Carolyn’s brother Gerry arrives, later than planned, delayed when his car breaks down. This delay has given me those last few intimate moments. And now I leave the three of them alone for a while; now time belongs only to them. When I come back I find Carolyn singing. Myra’s eyes have finally closed.

The following morning Carolyn calls me at home to tell me that her mother has just died. When I arrive at the hospice Myra is lying quietly alone while a recording of sweet guitar music plays. There is no more tension in the muscles of her face. I can touch the peace in the room, which surrounds me like an angelic presence. Carolyn and Gerry come in to say their good-byes.

My mom passed yesterday morning, 10:50 a.m. Eastern time. The nurse cleaned & turned her, and then turned on the Hawaiian music cd and left the room. When she went back to check on her, she had gone.

I went to see her later that morning. I could sense her presence still in and around her body, expecting her to breathe or move her mouth at any moment. Stillness, yet presence. She was beautiful, and there was a profound sense of peace and beauty in the room. It was easy to sit with her, and touch her and hold her, even though I had been afraid. When I got there, Charles was already sitting with her, which also helped me approach. After a while, he left, and I sat alone with her and we talked, and I sang to her. I felt like I was still helping her find her way, though it didn’t seem like she was needing the help any longer.

That morning, I had had a hard time going back to sleep. I went into a meditation instead, and saw a vision of the boat that had been waiting to take my mom up the river of light, that had been waiting peacefully, without linear concepts of time, until my mother was ready to let go of the shore. I saw the part of my mom that was still on the shore releasing and being enfolded into her Soul/Higher Self, a beautiful being of golden light that enfolded this newly arrived aspect of my mom into her golden Self.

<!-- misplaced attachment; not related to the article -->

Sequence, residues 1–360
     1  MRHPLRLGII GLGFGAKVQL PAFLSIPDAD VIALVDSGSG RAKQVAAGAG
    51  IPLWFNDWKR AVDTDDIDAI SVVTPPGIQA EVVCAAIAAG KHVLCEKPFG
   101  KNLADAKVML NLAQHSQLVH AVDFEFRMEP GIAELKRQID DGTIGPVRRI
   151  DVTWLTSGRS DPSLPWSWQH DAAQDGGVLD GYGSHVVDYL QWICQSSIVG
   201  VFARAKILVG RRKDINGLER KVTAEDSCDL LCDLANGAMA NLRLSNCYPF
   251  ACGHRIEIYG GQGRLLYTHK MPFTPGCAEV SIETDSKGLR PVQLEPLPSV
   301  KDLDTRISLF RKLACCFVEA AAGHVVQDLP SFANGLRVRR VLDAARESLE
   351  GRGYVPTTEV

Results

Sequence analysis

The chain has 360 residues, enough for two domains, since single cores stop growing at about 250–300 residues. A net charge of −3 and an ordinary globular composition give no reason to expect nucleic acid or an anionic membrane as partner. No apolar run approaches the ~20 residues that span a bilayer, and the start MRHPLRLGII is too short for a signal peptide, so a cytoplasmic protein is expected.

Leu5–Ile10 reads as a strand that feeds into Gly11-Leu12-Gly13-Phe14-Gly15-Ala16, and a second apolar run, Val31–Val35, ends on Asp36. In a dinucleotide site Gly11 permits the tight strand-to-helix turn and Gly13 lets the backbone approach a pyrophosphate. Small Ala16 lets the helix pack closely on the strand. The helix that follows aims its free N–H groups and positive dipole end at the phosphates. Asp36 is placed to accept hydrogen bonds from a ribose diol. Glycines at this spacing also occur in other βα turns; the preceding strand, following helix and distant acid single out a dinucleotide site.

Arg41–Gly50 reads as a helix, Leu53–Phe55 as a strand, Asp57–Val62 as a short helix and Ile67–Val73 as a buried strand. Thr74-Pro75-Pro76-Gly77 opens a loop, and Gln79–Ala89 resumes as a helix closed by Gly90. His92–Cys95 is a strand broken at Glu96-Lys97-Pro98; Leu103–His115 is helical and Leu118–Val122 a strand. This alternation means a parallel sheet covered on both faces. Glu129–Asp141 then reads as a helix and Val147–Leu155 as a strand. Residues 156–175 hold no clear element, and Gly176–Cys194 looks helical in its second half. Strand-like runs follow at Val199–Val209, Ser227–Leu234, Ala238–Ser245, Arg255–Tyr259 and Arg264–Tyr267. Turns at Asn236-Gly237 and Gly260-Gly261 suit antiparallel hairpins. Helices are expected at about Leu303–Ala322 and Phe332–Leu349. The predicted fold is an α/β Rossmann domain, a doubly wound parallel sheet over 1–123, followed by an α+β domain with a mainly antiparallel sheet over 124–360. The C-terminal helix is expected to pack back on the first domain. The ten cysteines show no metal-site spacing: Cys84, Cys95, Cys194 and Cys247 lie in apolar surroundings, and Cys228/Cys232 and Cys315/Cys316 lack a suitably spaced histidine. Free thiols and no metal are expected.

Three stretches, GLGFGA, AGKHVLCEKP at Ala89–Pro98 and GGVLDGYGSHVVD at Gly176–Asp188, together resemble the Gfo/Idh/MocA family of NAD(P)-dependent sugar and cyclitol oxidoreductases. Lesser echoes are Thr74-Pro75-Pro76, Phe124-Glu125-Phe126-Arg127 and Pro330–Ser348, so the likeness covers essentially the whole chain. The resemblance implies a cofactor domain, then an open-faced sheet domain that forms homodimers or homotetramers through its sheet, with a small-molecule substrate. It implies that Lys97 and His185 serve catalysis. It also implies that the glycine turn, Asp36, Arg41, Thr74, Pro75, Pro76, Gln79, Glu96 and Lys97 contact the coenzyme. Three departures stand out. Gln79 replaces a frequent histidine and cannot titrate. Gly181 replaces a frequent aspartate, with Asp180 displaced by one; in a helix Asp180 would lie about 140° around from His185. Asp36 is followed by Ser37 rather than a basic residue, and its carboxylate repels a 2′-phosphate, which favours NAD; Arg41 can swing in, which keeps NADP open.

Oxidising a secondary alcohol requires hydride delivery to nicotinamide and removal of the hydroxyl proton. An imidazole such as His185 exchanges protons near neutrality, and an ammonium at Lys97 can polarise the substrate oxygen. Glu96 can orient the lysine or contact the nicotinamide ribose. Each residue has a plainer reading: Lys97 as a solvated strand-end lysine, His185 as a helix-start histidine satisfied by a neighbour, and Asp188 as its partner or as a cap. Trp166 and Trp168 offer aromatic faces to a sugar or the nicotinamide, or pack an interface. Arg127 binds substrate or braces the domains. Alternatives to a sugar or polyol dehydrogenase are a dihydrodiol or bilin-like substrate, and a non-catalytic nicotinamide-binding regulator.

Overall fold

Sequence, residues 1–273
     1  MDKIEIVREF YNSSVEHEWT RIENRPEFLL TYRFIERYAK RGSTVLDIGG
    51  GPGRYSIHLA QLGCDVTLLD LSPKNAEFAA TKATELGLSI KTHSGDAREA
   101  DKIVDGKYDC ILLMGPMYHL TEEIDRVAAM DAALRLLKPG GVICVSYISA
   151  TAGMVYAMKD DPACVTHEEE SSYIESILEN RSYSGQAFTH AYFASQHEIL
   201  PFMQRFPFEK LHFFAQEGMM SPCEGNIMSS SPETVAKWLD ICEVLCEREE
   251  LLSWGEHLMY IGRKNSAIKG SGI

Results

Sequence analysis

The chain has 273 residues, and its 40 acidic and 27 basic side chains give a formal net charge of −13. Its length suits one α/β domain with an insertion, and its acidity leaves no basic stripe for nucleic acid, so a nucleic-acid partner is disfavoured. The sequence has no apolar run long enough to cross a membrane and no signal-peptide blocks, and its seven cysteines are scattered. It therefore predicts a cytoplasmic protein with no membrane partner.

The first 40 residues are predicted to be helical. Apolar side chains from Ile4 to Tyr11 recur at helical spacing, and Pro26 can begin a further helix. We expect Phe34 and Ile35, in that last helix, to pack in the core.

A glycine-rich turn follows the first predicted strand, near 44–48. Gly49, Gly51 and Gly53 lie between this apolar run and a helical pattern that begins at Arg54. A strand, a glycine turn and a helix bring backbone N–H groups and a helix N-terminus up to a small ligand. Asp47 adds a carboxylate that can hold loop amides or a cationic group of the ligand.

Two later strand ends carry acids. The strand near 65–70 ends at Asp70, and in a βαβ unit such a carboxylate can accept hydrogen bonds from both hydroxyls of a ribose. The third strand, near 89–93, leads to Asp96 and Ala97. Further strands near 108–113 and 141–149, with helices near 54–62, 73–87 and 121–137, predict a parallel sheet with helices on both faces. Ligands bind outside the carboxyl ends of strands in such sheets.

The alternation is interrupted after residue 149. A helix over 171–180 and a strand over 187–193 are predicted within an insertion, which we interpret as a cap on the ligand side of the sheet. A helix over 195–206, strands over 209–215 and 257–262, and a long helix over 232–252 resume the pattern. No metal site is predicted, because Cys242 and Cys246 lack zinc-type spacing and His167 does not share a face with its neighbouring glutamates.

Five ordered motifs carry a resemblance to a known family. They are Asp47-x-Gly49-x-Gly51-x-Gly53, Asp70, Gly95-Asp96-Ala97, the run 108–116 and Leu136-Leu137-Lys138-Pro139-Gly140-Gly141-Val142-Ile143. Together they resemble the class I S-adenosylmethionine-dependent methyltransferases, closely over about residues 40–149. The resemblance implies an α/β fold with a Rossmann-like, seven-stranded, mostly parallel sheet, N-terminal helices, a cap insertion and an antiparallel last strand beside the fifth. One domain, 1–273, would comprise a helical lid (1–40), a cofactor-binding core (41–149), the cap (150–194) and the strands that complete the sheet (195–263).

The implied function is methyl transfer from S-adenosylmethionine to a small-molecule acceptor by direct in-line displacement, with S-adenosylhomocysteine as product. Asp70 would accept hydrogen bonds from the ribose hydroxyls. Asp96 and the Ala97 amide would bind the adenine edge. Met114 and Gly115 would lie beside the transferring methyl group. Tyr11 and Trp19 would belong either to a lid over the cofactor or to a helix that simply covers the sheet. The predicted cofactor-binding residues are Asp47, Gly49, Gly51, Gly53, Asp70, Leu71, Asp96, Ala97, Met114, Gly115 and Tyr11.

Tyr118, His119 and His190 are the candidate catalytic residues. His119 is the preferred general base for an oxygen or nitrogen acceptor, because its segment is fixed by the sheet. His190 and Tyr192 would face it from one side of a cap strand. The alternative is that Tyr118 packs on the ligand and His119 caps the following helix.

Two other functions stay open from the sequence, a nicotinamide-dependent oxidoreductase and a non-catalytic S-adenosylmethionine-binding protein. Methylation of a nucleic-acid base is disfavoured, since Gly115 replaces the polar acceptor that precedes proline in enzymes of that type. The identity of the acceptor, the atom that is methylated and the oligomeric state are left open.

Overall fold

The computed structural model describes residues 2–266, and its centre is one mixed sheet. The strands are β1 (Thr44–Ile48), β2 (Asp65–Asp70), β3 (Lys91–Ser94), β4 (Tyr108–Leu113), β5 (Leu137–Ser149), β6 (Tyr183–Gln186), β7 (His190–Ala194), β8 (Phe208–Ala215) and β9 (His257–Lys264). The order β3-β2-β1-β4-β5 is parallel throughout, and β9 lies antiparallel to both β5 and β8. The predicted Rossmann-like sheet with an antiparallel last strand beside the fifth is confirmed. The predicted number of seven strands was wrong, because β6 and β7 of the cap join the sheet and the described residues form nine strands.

Throughout the day, I had a sense of her lying peacefully on the boat, not traveling so much as lolling up the lazy river. By nightfall, it seemed like she was well rested and beginning to enjoy the company around her, to find joy in her new sense of freedom and release.

The day was incredibly beautiful. A warm breeze, sun breaking through the clouds and storminess that have been with us since I arrived (snowstorms and lightning over the past three weeks). As Gerry said, it was stormy and now the sun is out; the stock market was crashing and now its coming back; mom was suffering and now she’s not suffering any more.

I want to hold you to my heart
And shield you from all pain
But you must go a separate way
If we’re to meet again.

I’ll guide you with kind loving hands
That will not push nor clutch
And protect you from my fierce desire
To mother you too much.

When you’re hurt I’ll comfort you just enough
So you can bear the pain again
I’ll discipline to make you strong
Though you won’t understand.

And if my efforts aren’t in vain
When my precious chore is done
I’ll have given you your own true self
It’s rightfully yours, my son.

- from Myra’s poetry